Earlier this year, I spoke with Mark Igra, a partner at LabKey Software, and learned more about how LabKey Server works and how it’s used by researchers.
Q: What types of research is LabKey Server suited for?
Mark: LabKey Server helps teams of scientists bring together many different kinds of information from different sources for integrated analysis, secure sharing and collaboration.
Analysis across large datasets is a common need in fields that generate large volumes of data from high throughput techniques, such as proteomics and genomics. But geneticists also use LabKey Server to store phenotypes. Microscopists use it to document and point to high-resolution images. And clinical researchers use it to track diagnostic and other clinical data. Scientists across many fields of biomedical research face common challenges in managing, integrating and securely sharing their data.
LabKey Server helps scientists integrate, analyze, and share many different kinds of research information through a secure web portal. Collaborators can only view the data they have permissions to see.
Q: What types of data files can be used for analysis in LabKey Server?
Mark: A wide range of data file formats, particularly tabular formats such as MS Excel spreadsheets.
Q: What’s involved in running an analysis on data files in LabKey Server?
Mark: LabKey Server provides web-based tools for analyzing and visualizing data. For example, you can use interactive data grids to filter, sort, and join tabular data from multiple experiments. You can also write R scripts to run analyses within LabKey Server and conduct SAS or SQL queries on data you are authorized to view.
Interactive data grids support sorting, filtering, adding/removing columns, data export, and a variety of visualization and analysis options, such as R scripting. This image shows a data grid being filtered by treatment group. A live view of this grid: http://goo.gl/oTQXbP
LabKey Server’s built-in interface for R scripting helps users create and share R-based analyses and visualizations through the web-based portal. Users with sufficient security credentials can explore alternative analyses by editing existing scripts and saving private copies. As shown here, source data, scripts and script results (“views”) are displayed on separate tabs. A live view: http://goo.gl/2MnzIM
Chart wizards make it easy to produce interactive plots of results. This time-based chart shows progression relative to baseline for several cohorts. The checkboxes on the right allow users to filter the data displayed. A live version of this chart: http://goo.gl/23aukH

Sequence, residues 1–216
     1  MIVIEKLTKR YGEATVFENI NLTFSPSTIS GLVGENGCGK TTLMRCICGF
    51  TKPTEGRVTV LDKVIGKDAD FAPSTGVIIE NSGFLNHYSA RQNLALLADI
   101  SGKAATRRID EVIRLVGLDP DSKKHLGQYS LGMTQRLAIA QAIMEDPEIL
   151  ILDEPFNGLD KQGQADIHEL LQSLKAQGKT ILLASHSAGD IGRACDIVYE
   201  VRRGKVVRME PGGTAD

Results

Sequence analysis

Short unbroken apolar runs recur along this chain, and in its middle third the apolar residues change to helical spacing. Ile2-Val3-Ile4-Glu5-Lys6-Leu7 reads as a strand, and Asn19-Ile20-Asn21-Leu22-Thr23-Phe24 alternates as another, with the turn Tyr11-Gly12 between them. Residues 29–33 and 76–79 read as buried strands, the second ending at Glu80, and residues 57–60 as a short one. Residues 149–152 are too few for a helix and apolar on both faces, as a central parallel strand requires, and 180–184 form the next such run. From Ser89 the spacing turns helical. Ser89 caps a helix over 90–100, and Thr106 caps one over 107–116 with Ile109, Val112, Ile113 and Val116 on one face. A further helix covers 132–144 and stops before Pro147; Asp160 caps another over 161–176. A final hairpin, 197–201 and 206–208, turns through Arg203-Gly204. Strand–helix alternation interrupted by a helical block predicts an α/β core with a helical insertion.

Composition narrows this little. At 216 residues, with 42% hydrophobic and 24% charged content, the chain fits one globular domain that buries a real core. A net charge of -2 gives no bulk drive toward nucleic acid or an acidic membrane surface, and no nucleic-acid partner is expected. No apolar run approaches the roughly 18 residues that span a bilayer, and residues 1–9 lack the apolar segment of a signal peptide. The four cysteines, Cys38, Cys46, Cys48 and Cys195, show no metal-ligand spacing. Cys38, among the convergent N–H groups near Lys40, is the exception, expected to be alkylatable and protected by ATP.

Q: How does analysis across spreadsheet data from multiple experiments or multiple labs work? What if each lab or experiment had a different way of naming columns or coding data values in spreadsheets?
Mark: It’s relatively easy to remap column names or set up aliases when you import each spreadsheet into LabKey Server. Inconsistent data types are a bigger problem. If the data values come from lookups, there are a few ways you can fix that by writing a script in LabKey Server. However, analysis across spreadsheet data always works best when spreadsheet data are simple and coded in consistent ways. When we meet help research groups set up their LabKey Servers, we usually help them define consistent ways of coding data and variable names.
To ensure standardized data entry, administrators can configure table fields as lookups to pre-defined lists of vocabulary. Users must then pick from a predefined list of terms when entering data in this field. The screenshot shows an example of how a field is configured as a lookup with a default value.
Q: How does LabKey Server differ from Electronic Lab Notebook software?
Mark: ELNs are based on the traditional lab notebook paradigm— a place to describe and store information about each experiment. LabKey Server is a tool for loading data and descriptive metadata in a structured way so you can compare and analyze across large volumes of data using the power of a database.
LabKey Server can be used like an ELN. For example, you can create data structures for specific experiment types, like a chemistry assay, then load data files from individual experiments, adding annotations about specific parameters for each experiment. LabKey Server then can read contents of the data files, perform transformations and visualizations across experiments, and populate the underlying database with the transformed data. It can also compare the quality of results from different experiments and show you any trends in quality due to differences in reagents or other conditions, as in the example below.
LabKey Server can help with experimental quality control by visualizing the progression of quality metrics over time. This figure shows a Levy-Jennings plot for a quality metric for a Luminex assay across 10 experimental runs, enabling early detection of problematic trends and outliers. A live version of this chart: http://goo.gl/f6I6nV
Q: So, researchers can write custom scripts for data analysis and other steps in LabKey Server. Does LabKey Server work like a code repository?
Mark: LabKey Server isn’t a code repository per se. For example, it doesn’t have built in versioning system for code. It does audit changes in configuration and security. And it can show you what code was used to run an analysis. Anyone who is writing code to implement on a LabKey Server should follow best practices for code versioning and use a code versioning application that is external to the LabKey Server.